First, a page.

President Obama lifted the decades-long U.S. arms embargo against Vietnam on Monday in an apparent effort to shore up the communist country’s defenses against an increasingly aggressive China – though he faced criticism that the move takes away U.S. leverage to press for human rights freedoms.
Obama announced the full removal of the embargo at a news conference in Hanoi alongside Vietnamese President Tran Dai Quang. The president said the move was intended as a step toward normalizing relations with the former enemy and to eliminate a “lingering vestige of the Cold War.”
The embargo was imposed in 1984. The United States partially lifted the ban in 2014, but Vietnam pushed for full access as it tries to deal with China’s land reclamation and military construction in nearby seas.
Obama, in announcing the agreement Monday, said every U.S. arms sale would be reviewed on a case-by-case basis going forward. Vietnam has not bought anything, but removing the remaining restrictions shows relations are fully normalized and opens the way to deeper security cooperation.
“At this stage both sides have developed a level of trust and cooperation, including between our militaries, that is reflective of common interests and mutual respect,” Obama said.
U.S. lawmakers and activists, though, had urged Obama to press for greater human rights freedoms in the one-party state before lifting the embargo. Vietnam holds about 100 political prisoners and there have been more detentions this year.
“In one fell swoop, President Obama has jettisoned what remained of U.S. leverage to improve human rights in Vietnam — and (has) basically gotten nothing for it,” Phil Robertson, with Human Rights Watch, said.
In Beijing, China’s Foreign Ministry outwardly praised the move, with a spokeswoman saying China hoped “normal and friendly” relations between the U.S. and Vietnam would be conducive to regional stability. China itself remains under a weapons embargo imposed by the U.S. and European Union following 1989’s bloody military crackdown on pro-democracy demonstrations centered on Beijing’s Tiananmen Square.
Obama said the United States and Vietnam had mutual concerns about maritime issues and the importance of maintaining freedom of navigation in the South China Sea. He said that although Washington doesn’t take sides on the territorial disputes, it does support a diplomatic resolution based on “international norms” and “not based on who’s the bigger party and can throw around their weight a little bit more,” a reference to China.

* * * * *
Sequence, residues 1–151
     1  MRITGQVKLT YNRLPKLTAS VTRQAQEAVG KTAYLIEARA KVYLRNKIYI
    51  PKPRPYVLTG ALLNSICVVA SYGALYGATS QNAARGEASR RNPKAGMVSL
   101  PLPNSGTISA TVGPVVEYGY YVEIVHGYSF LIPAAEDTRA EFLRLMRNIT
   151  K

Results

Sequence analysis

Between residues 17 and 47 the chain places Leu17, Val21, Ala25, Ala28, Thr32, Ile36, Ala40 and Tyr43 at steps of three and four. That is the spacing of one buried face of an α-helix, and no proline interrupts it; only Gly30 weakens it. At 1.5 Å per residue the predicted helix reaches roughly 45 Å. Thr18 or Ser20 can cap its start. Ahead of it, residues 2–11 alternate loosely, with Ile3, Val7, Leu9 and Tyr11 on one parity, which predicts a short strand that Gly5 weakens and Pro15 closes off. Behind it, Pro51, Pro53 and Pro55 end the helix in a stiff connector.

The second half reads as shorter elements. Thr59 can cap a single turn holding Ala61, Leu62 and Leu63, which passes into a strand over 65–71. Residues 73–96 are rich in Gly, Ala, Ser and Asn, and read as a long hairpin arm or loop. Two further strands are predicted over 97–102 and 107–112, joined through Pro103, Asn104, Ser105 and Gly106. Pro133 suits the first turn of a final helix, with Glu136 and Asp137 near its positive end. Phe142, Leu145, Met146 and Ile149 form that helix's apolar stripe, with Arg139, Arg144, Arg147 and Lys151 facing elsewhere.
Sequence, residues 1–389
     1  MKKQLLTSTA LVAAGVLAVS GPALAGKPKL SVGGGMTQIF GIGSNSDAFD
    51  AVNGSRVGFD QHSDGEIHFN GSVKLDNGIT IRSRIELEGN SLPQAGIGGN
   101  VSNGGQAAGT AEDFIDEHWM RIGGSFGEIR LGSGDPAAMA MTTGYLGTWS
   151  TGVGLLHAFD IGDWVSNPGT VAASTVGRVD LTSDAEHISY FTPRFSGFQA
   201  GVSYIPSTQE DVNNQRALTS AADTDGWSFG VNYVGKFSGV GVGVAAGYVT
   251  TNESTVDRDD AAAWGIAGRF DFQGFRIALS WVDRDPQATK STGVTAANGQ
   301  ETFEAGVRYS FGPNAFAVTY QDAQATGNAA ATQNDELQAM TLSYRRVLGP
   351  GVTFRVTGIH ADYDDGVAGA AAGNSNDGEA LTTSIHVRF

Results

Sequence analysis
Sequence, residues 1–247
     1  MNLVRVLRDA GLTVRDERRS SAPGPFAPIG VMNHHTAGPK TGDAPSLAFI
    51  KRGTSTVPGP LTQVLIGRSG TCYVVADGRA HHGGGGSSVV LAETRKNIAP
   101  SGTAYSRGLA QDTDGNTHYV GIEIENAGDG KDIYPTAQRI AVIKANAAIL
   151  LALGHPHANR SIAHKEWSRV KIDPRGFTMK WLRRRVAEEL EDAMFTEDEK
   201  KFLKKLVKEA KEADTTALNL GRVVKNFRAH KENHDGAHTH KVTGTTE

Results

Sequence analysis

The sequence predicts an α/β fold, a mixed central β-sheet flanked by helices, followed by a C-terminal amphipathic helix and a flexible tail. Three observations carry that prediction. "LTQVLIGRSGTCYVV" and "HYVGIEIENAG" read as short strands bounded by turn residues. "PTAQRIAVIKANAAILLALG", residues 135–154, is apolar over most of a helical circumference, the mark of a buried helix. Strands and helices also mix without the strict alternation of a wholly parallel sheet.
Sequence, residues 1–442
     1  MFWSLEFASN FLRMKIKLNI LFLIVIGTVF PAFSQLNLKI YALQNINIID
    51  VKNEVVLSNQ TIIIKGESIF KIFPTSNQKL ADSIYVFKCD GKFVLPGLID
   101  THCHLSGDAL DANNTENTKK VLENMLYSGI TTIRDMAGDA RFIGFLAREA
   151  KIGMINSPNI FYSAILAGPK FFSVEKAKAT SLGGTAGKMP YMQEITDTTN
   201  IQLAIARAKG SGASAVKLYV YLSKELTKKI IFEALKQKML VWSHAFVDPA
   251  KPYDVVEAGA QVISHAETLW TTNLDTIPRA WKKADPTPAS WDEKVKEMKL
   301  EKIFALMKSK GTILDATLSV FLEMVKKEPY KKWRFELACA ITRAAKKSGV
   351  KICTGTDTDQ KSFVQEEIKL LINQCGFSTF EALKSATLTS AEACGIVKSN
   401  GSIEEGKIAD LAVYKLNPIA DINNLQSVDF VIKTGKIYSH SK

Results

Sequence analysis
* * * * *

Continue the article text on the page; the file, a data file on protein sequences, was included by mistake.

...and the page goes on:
Lifting the arms embargo will be a psychological boost for Vietnam’s leaders as they look to counter an increasingly aggressive China, but there may not be a big jump in sales.
Obama was greeted Monday by Quang at the Presidential Palace, where Obama congratulated Vietnam for making “extraordinary progress.” Quang praised the expansion in security and trade ties between “former enemies turned friends” and called for more U.S. investment in Vietnam.
Obama also made the case for stronger commercial and economic ties, including approval of the 12-nation Trans-Pacific Partnership trade agreement that is stalled in Congress and facing strong opposition from the 2016 presidential candidates. The deal, which includes Vietnam, would tear down trade barriers and encourage investment between the countries that signed it.
Critics worry it would cost jobs by exposing American workers to low-wage competition from countries such as Vietnam.
Obama and Quang earlier attended a signing ceremony touting a series of new commercial deals between U.S. and Vietnamese companies valued at more than $16 billion. The deals included U.S. engine manufacturer Pratt & Whitney’s plans to sell 135 advanced engines to Vietnamese air carrier Vietjet, and Boeing’s plans to sell 100 aircraft to the airline.
Obama is the third sitting president to visit Vietnam since the end of the Vietnam War in 1975. Four decades after the fall of Saigon, now called Ho Chi Minh City, and two decades after President Bill Clinton restored relations with the nation, Obama is eager to upgrade relations with an emerging power whose rapidly expanding middle class beckons as a promising market for U.S. goods and an offset to China’s growing strength.
The United States is eager to boost trade with a fast-growing middle class in Vietnam that is expected to double by 2020. That would mean knocking down auto, food and machine tariffs to get more U.S. products into Vietnam.
The Associated Press contributed to this report.